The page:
Happy New Year

明けましておめでとうございます

Haiku writers in Japan have five seasons to choose from when writing their poetry – with New Year’s Day being considered a season all of its own. William J Higginson in his 1996 book The Haiku Seasons (Kodansha International) has this to say:

“In the old calendar [New Year’s Day] was about the beginning of spring, and considered a doubly auspicious day. Now moved to January 1 as a result of the new calendar, New Year’s Day is still treated as the beginning of spring by some haikai poets.”

April is such a busy time in Japan – cherry blossom viewing, the start of the new school year, people changing jobs and homes – and before 1873 it was also the start of the year! (Spring seems a much more logical time to celebrate a new year, doesn’t it?)

In readiness for New Year’s Day Japanese people clean their houses (oosoji / susuharai):

極月や箱階段の薄埃   石田経治

gokugetsu ya hako kaidan no usubokori

            year-end month —
            thin layer of dust
            on the box steps

                     –  Keiji Ishida
from Blue Willow Haiku World, translator Fay Aoyagi

New Year’s Day
dawns clear, and sparrows
tell their tales

Hattori Ransetsu, 1654-1707
from The Penguin Book of Japanese Verse, translators Geoffrey Bownas & Anthony Thwaite

Yuzu is a kind of citrus that in Japan is not only used for culinary purposes but on the winter solstice whole fruit are a vital ingredient … in a hot bath, whether at a public onsen (hot spring) or at home. The aromatic oils released from the skin of the fruit are not only said to protect from colds and flu, but are also good for chapped skin. Read more here.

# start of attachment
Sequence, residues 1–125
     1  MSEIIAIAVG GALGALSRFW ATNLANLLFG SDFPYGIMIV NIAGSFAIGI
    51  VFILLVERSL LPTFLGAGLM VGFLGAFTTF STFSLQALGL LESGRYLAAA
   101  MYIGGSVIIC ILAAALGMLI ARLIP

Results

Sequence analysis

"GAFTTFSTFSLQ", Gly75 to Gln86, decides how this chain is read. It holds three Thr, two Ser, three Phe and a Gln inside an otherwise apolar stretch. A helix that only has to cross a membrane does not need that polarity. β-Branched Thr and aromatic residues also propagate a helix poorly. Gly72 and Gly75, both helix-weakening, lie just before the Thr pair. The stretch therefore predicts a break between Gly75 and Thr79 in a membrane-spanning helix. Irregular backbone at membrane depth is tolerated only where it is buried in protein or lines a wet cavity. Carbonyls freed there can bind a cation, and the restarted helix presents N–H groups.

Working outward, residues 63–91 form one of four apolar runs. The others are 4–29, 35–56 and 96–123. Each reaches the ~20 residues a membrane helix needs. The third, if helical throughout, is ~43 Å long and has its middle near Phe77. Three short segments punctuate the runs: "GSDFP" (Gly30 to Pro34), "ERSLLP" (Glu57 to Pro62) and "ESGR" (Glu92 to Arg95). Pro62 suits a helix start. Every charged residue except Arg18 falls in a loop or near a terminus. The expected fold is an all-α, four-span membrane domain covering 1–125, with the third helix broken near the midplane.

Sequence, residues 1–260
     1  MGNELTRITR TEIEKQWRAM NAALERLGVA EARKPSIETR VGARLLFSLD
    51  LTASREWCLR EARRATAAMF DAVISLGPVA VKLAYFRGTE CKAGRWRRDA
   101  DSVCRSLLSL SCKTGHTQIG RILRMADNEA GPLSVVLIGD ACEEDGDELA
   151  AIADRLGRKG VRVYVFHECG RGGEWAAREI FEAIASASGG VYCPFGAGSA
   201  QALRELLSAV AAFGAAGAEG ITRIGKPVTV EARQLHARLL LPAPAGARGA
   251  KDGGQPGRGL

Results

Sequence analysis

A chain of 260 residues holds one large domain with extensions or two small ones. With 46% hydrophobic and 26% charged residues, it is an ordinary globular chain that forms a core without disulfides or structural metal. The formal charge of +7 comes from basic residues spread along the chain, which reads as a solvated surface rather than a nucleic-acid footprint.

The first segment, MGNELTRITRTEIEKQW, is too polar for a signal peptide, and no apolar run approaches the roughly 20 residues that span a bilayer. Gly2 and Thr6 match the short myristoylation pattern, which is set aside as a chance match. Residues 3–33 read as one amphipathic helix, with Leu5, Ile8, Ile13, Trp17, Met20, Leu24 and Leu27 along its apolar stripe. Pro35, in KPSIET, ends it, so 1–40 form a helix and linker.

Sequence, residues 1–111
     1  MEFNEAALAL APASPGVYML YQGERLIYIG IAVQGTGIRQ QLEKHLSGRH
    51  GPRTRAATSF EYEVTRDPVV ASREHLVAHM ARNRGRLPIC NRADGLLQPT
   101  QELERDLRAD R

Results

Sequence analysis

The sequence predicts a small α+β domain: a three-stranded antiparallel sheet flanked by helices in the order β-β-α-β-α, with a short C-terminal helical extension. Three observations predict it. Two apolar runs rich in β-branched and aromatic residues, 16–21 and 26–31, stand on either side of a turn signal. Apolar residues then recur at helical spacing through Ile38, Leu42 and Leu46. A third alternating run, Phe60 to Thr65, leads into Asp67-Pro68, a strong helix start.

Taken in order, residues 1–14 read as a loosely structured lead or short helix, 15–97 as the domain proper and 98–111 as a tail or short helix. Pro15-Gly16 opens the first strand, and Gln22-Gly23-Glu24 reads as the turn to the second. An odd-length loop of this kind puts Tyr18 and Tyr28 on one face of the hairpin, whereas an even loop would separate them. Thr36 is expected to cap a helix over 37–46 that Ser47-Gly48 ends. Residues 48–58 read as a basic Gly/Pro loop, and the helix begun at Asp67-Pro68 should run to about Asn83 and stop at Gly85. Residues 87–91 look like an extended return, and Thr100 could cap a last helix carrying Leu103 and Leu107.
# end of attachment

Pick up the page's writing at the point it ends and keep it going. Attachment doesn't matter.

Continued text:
Or you could try the annual New Year’s Day ice bath held at a shrine in Tokyo – although the photos in the link show men only, women also participate while wearing a thin, white robe.

The first sunrise of the new year is believed to have special significance and praying at sunrise for health and happiness is widespread.

it’s play for the cranes
flying up to the clouds
the year’s first sunrise …

Chiyo-ni, 1703-75
from The British Museum Haiku, translator David Cobb

Japanese attach special significance to the first of many things they do in a new year. Some traditional firsts that are notable are kakizome (first writing), hatsuyume (first dream), hatsumōde (first shrine visit), hakizome (first house cleaning), and hatsuburo (first bath). Read more about the many traditions here.

the first dream of the year —
I keep it a secret
and smile to myself

–  Sho-u
from The British Museum Haiku, translator by R H Blyth

Dondoyaki (about January 15) ends the New Year observances when people take last year’s talismans and New Year decorations to their local shrine where they are burned (so no symbolic fir/pine trees hanging around until April!).

  • This posting is dedicated to the memory of two lovely men lost to the world of haiku and renku in these past 12 months – John Carley and Martin Lucas, both of Lancashire in England.